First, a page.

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Trouble Managing Your Finances? Ask Your Child for Help

Five ways to transfer your financial responsibility to the next generation.

Last year, Blossom Rosen realized it was time to get help with her finances. Now 80 years old, she was experiencing confusion and memory loss, and had started settling accounts with her gardener and handyman by simply handing over her checkbook to them.

Walking to lunch one day with her daughter Nance, 54, Rosen stopped suddenly and confessed: “I can’t write checks anymore. I need you to do it for me.”

Within six months, with her mother’s memory continuing to deteriorate, Nance Rosen was handling all of Blossom’s finances.

The Rosens’ situation is not unusual, says Suzanne Hall of the Baltimore investment advisory firm The Financial Consulate. As director of a program called SENIOR Connect, Hall has seen many older people mismanage funds because of diminished capabilities.

“As we get older we are going to need help,” says Hall. “So if seniors have a good relationship with their children, they want to start the process of talking with them about certain aspects of their finances.”

The gathering of families over the holidays provides an opportunity to discuss the issue of financial assistance and who will provide it. While a child is usually the natural choice, the handoff requires careful planning to avoid straining relationships and to make sure nothing is forgotten.

Here are five steps for a smooth transition:

1. Choosing the appropriate helper

Naturally, you should share your financial information only with a child whom you trust, but other factors also come into play. One child may handle money better, but another may be more able to act calmly in an emergency.

Keep your child’s personal situation in mind. “I have a client who did not select her son because her son’s wife is disabled, so she felt that he has enough on his plate,” says Marsha Goodman, an elder law attorney in Phoenix.

Avoid giving this responsibility to any child who has his own money problems or is struggling with addiction, advises the MetLife Mature Market Institute, a New York-based organization that studies aging and longevity issues.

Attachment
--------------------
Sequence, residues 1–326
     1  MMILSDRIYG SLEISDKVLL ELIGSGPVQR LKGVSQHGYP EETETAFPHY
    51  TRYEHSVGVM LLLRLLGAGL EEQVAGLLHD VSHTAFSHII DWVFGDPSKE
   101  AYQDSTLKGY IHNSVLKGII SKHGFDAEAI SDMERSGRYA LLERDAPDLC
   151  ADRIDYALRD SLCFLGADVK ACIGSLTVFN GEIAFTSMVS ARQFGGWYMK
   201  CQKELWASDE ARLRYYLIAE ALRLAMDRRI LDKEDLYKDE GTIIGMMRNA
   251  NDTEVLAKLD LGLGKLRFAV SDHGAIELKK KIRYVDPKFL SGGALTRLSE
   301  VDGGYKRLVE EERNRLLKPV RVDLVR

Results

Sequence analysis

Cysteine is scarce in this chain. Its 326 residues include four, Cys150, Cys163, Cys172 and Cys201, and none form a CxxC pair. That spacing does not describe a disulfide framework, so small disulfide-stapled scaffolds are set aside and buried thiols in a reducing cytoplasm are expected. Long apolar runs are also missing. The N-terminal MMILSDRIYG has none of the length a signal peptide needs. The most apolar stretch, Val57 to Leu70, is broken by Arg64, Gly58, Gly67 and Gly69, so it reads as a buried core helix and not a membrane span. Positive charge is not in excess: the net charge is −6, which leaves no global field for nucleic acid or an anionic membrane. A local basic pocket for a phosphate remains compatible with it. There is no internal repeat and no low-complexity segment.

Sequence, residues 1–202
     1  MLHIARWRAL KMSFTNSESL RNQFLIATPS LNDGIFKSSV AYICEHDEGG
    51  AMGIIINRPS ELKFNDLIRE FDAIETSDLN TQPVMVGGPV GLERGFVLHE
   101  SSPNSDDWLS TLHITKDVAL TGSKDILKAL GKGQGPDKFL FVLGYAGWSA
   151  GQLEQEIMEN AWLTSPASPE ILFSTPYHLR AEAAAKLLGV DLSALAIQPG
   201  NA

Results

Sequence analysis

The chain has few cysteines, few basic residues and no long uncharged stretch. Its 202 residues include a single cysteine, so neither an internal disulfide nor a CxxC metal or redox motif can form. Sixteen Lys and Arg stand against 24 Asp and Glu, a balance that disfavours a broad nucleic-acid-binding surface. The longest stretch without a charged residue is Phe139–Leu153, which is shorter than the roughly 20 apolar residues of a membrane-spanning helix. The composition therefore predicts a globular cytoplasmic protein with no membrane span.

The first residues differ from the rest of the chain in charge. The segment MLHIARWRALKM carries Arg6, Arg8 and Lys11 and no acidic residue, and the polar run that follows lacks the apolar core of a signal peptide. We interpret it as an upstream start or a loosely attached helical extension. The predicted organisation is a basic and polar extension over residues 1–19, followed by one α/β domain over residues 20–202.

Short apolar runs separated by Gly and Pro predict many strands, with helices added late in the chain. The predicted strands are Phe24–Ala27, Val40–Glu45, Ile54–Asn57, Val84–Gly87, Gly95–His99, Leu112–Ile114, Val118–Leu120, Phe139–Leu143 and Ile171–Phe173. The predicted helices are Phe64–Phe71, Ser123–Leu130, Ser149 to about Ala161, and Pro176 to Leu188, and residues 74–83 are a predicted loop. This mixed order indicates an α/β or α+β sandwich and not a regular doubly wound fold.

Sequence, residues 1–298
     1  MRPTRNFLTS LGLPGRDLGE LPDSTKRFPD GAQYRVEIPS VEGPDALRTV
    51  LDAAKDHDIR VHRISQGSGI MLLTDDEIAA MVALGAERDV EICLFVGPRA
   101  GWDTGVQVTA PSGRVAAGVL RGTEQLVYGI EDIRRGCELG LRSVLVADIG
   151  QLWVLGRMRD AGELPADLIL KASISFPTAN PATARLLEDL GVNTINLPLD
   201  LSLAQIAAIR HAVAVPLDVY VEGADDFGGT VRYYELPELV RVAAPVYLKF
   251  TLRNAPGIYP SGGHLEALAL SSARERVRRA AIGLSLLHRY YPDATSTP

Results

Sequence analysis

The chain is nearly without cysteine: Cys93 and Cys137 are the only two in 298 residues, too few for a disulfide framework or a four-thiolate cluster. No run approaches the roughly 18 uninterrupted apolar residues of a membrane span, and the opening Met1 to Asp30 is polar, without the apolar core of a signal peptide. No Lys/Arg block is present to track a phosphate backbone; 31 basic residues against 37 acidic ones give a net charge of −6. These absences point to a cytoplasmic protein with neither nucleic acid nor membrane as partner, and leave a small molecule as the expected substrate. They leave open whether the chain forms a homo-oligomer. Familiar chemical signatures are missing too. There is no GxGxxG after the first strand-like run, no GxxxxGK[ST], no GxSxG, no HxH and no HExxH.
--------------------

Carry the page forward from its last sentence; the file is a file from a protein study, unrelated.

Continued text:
“If you know someone has an alcohol or drug problem or they’re gambling or they’ve lost a lot of money, they could be looking to replace that money or get additional resources from members of the family,” says John Migliaccio, director of research for the institute.

If you don’t feel comfortable sharing your financial information with your child, consider another trusted relative, a friend or a professional fiduciary.

2. Starting the conversation

Let your children know in advance that you’d like to have an important discussion about your finances, suggests Nancy Brooks, a Denver-based psychotherapist and mental health expert with

When it’s time to talk, have the conversation face to face, with financial documents in hand.

Ask your children what they’re willing to do. “They may have time constraints,” Brooks says. Also ask whether they have ideas about ways to help you manage your finances.

When a solution is reached, put it down in writing, particularly if other children are not involved. “Sibling rivalry can rear its ugly head when one child is chosen over another to help mom and dad, so be sure everything is out in the open and is traceable on paper,” Brooks says.

If the conversation is too challenging for you to handle on your own, consider hiring a mediator. “A professional mediator is a trained neutral who facilitates the conversation, with no stake in the outcome of the conversation and no baggage based on years of family dynamics,” says Jane Beddall, founder of the mediation firm Dovetail Resolutions in New Haven, Conn.

3. Put everything on the table